The following events took place during Rutgers' 250th Anniversary commemoration held November 10, 2015, through November 10, 2016. Watch the documentary that chronicles the yearlong celebration at 250.rutgers.edu/250documentary.
Stop by and take a photo with the monument. You can find the monument at the Engineering Quad Area near the Science and Engineering Resource Center on the Busch Campus in New Brunswick. And, don't forget to post your photo to Instagram, Twitter, and Rutgers Facebook page using #Rutgers250. This summer, look for the monument at the Livingston Campus. | Location: Engineering Quad Area, Busch Campus, 118 Frelinghuysen Road (approximate address), New Brunswick, NJ.
See the student art exhibition, Revolution, inspired by Rutgers' heritage, at the Undergraduate Annual Art Open | Location: Mason Gross Galleries at Civic Square, 33 Livingston Avenue, New Brunswick, NJ.
See a map drawn in 1780 and other works of Simeon De Witt QC1776, George Washington's chief cartographer during the Revolutionary War, at the Zimmerli Art Museum. | Location: Zimmerli Art Museum, 71 Hamilton Street, New Brunswick, NJ. Admission is free. Hours: Zimmerli is open Tuesday–Friday, 10 a.m.–4:30 p.m.; Saturday–Sunday, Noon–5 p.m.; and first Tuesday of the month, 10 a.m.–9 p.m. The museum is closed on Mondays, major holidays, and for the month of August.
The Kirkpatrick Choir, conducted by Patrick Gardner, performs Bach Cantatas 161, 173, and 184 and works by Robert Aldridge, professor and director of music at the Mason Gross School of the Arts. In honor of Rutgers' 250th anniversary, the concert is entitled Sol Musicae et Occidentem Illustra, which is translated as "Light of music, shine upon the West also," is a play on the university's motto, "Sun of righteousness, shine upon the West also.” | Location: Kirkpatrick Chapel, 81 Somerset Street, New Brunswick, NJ. Admission: General Public $15 / Rutgers Alumni, Employees, and Seniors $10 / Students $5.
As part of the Edward J. Bloustein School of Planning and Public Policy Isadore Candeub Memorial Lecture series, Tony Calcado, vice president for facilities and capital planning, will discuss the historical and present-day approaches to campus planning, and highlight the university's most recent master plan, Rutgers 2030. | Location: Civic Square Building in the Special Events Forum, 33 Livingston Avenue, New Brunswick, NJ. This is a free event.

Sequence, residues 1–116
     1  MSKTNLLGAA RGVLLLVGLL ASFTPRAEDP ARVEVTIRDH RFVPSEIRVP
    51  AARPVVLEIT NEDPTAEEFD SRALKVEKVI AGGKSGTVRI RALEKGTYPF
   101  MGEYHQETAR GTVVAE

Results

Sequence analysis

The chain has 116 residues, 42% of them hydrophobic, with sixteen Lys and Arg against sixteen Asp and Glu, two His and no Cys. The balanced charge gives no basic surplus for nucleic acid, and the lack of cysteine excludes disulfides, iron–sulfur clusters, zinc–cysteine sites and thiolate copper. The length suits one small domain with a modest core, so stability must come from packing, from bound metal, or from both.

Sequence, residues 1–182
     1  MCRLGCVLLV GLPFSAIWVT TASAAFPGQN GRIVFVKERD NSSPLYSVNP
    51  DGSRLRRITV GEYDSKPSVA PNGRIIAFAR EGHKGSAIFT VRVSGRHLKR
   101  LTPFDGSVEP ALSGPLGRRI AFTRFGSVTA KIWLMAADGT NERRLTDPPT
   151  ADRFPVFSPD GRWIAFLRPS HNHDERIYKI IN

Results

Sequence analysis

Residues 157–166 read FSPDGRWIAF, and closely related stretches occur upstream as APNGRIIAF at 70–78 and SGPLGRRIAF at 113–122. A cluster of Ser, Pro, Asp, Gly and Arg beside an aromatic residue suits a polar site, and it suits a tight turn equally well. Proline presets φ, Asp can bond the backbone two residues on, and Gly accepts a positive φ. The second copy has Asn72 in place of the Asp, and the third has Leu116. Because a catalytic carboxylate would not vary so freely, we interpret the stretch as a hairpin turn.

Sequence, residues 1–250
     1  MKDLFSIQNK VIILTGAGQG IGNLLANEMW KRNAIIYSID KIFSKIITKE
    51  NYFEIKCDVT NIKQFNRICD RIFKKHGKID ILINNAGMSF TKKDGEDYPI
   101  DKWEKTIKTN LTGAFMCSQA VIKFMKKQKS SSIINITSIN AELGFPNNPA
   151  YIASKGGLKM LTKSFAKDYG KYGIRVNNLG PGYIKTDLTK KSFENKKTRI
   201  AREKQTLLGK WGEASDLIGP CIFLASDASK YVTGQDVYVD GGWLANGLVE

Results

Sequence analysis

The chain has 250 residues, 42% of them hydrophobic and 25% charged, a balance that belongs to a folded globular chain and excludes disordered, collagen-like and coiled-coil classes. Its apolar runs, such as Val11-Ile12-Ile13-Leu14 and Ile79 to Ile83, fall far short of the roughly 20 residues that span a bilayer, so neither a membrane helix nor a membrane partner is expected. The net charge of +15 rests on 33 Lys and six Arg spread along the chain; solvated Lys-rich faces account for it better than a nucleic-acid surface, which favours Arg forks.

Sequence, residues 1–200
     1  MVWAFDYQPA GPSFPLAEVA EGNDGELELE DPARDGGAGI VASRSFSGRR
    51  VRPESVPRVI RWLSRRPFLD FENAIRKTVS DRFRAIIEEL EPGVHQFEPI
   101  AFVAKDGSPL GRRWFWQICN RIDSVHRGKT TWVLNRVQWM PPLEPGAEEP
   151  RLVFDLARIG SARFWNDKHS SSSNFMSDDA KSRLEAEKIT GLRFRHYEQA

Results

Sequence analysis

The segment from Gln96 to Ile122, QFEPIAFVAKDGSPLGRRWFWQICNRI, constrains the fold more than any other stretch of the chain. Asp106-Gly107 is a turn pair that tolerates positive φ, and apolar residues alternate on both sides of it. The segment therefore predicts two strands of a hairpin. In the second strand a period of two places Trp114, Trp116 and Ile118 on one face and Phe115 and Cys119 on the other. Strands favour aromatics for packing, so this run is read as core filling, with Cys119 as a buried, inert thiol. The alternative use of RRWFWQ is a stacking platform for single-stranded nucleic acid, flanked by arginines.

In honor of the 250th anniversary, the university community, alumni, and friends will gather for "Black on the Banks: African-American Students at Rutgers in the 1960s," a two-day conference examining the struggle for equity and access in higher education. Panelists include African-American alumni from Rutgers College and Douglass College Classes of 1964 through 1973. | Location: G.H. Cook and College Avenue campuses in New Brunswick, NJ. This event is free and open to the public. You can attend as many panel sessions as you like. Register before October 30.
Revolutions signify a break with previous traditions and inevitably operate through signs, images, and words. In many cases, the arts precede political and military action, articulating the social and cultural changes that affect the community. Writers, film directors, musicians, and choreographers are often the catalysts of new movements and the true performers of revolution before tanks and politicians intervene. Join the Italian Graduate Society and friends for this conference, which explores the theme of revolution through different perspectives. Topics and approaches may include, but are not restricted to: Political and social revolution in literature and visual arts; performance as revolution (Avant-garde, 1960s Happenings); cinema and its innovative language; dance and theater; revolution on stage; music and librettos, from Risorgimento to Italian cantautori. Keynote speakers are Vincenzo A. Binetti, professor of Italian at University of Michigan, and John Zaretti, president of Verdi Opera Theatre of Michigan. | Location: Eagleton Institute of Politics, 191 Ryders Lane, New Brunswick, NJ. For information, contact Alessandro Vettori at email@example.com or 848-932-4945.
The Zimmerli Art Museum’s exhibition HereNow: Rutgers 250 celebrates the 250th anniversary of Rutgers—as well as the 50th birthday of the museum—by looking to the future. Rather than focus on Rutgers’ illustrious history, the initiative engages the entire university community with an opportunity to capture what education and campus life look like in the early 21st century at a major public university.
Beginning on November 10, 2015, as part of the Rutgers' community, you are invited to submit your images through the exhibit website. Images received by early January 2016 will be printed and hung as the premier images for this major exhibition at the Zimmerli. Thereafter, submitted images will be printed and installed in the museum at regular intervals, allowing the online and onsite exhibition to grow throughout the spring.
Following the close of the show, the 250 most interesting and compelling images will be compiled and published in a fine arts book with accompanying essays by distinguished authors and critics from Rutgers and beyond. The publication will document Rutgers, here and now, comprising a record of life at Rutgers at its 250th birthday through the eyes of its many communities. | Location: Submit your images online at herenow250.rutgers.edu.
Join us, rain or shine, as we commence Rutgers 250, a yearlong celebration of Rutgers' 250 anniversary, on the lawn at Old Queens in New Brunswick from 4–5:30 p.m. Enjoy a colonial-themed festival with glowing kettle fires, music, food, displays, the premiere screening of the anniversary film Our Revolutionary Spirit, and many interactive activities, culminating in a one-minute community bell ringing. | Location: On the lawn of Old Queens, 83 Somerset Street, New Brunswick, NJ. This event will take place rain or shine on November 10.